Now is not the time for students to go back to school. Here’s why


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Rising COVID-19 cases make Montgomery County’s plans to reopen a safety hazard.

Given the current state of COVID-19 infection and hospitalization rates, it would be worse to send students back to school any time soon.

The Board of Education previously announced metrics that they now believe to be too strict. On December 15, the BOE plans to reevaluate these metrics, and lower the standard to allow for students return to in-person learning.

The rate of COVID-19 related hospitalizations is increasing, and has even passed the numbers in spring. The previous highest amount being 1,711 on April 30, now the number of hospitalized COVID-19 patients is over 1,715.

Sending students back to school when the number of cases is almost three times worse than what the CDC recommends is wrong, endangers not only students, but the families they go home to. Though the proposed plan is for students to be phased in throughout the rest of the year, it still comes with some risk.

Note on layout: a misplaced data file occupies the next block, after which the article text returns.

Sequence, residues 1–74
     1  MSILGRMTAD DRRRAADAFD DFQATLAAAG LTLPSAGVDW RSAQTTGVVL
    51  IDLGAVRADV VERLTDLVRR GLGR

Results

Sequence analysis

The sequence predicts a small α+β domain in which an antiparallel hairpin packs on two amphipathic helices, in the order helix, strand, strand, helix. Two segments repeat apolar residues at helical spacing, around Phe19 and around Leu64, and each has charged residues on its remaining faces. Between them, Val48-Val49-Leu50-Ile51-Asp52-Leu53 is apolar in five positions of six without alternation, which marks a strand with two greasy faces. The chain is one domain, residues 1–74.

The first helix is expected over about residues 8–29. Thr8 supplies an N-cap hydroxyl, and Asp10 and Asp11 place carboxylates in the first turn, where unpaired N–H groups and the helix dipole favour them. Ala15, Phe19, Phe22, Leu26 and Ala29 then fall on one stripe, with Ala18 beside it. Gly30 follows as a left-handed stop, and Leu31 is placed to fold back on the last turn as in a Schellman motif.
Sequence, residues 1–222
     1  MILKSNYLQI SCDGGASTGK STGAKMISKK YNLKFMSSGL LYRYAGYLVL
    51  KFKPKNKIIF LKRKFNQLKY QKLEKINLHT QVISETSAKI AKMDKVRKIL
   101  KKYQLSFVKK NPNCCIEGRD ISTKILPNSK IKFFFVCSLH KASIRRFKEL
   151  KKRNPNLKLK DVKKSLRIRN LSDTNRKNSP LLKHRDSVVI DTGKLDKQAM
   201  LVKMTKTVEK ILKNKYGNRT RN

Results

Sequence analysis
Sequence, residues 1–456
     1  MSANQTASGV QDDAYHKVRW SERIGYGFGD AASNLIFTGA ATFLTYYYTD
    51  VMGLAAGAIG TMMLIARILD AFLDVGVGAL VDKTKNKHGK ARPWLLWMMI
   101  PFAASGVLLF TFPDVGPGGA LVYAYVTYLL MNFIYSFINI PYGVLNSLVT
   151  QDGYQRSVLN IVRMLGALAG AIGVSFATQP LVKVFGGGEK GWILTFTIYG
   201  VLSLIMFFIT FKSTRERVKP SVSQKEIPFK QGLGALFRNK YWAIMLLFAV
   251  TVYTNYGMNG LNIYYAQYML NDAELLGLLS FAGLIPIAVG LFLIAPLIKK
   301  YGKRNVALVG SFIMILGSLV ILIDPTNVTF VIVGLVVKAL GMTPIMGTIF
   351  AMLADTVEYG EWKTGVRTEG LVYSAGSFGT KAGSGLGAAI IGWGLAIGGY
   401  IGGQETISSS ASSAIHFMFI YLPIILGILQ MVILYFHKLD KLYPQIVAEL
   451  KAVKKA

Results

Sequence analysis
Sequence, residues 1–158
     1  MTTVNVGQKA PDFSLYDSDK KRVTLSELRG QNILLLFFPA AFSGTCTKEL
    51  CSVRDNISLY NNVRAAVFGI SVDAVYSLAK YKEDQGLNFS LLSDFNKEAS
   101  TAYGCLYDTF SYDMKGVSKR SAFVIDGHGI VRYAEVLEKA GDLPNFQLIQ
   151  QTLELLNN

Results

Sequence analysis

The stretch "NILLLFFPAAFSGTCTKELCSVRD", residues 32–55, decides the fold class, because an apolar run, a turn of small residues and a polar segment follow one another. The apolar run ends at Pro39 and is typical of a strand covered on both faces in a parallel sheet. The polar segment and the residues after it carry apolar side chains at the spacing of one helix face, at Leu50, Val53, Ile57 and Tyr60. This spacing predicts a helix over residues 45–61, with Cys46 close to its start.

The previously proposed plan, which the BOE rejected last week, follows metrics that would not allow students to return to school. To return, there must be an average positivity rate less than five percent, and a certain amount of average case increase over two weeks. As of now the county does not meet any of these requirements and would remain virtual. The county averages 28.1 cases per 100,000 people, and has a positivity rate more than five percent.

Allowing for these metrics to become weaker would have a negative impact on the county, increasing the possibility for infection and transmission across a large demographic. Schools that have weaker metrics and let students return early, have had to close due to sweeping infection rates. The proposed metrics allow for students to return to school in a safe environment, with minimal chance of exposure to the virus.

Bringing students back sooner and in a larger amount increases the likelihood of them becoming infected. Without phasing-in students properly, especially in the second peak of the pandemic, only puts them at more risk. The metrics need to be absolutely full-proof, in a way that doesn’t endanger students, and puts them back in the safest time possible.

Learning in person may be better for most students, but it’s not worth it when the number of cases is higher than it was in March 2020. If you feel strongly about the decision, there is a petition to urge the school board to stay with the previously announced metrics.

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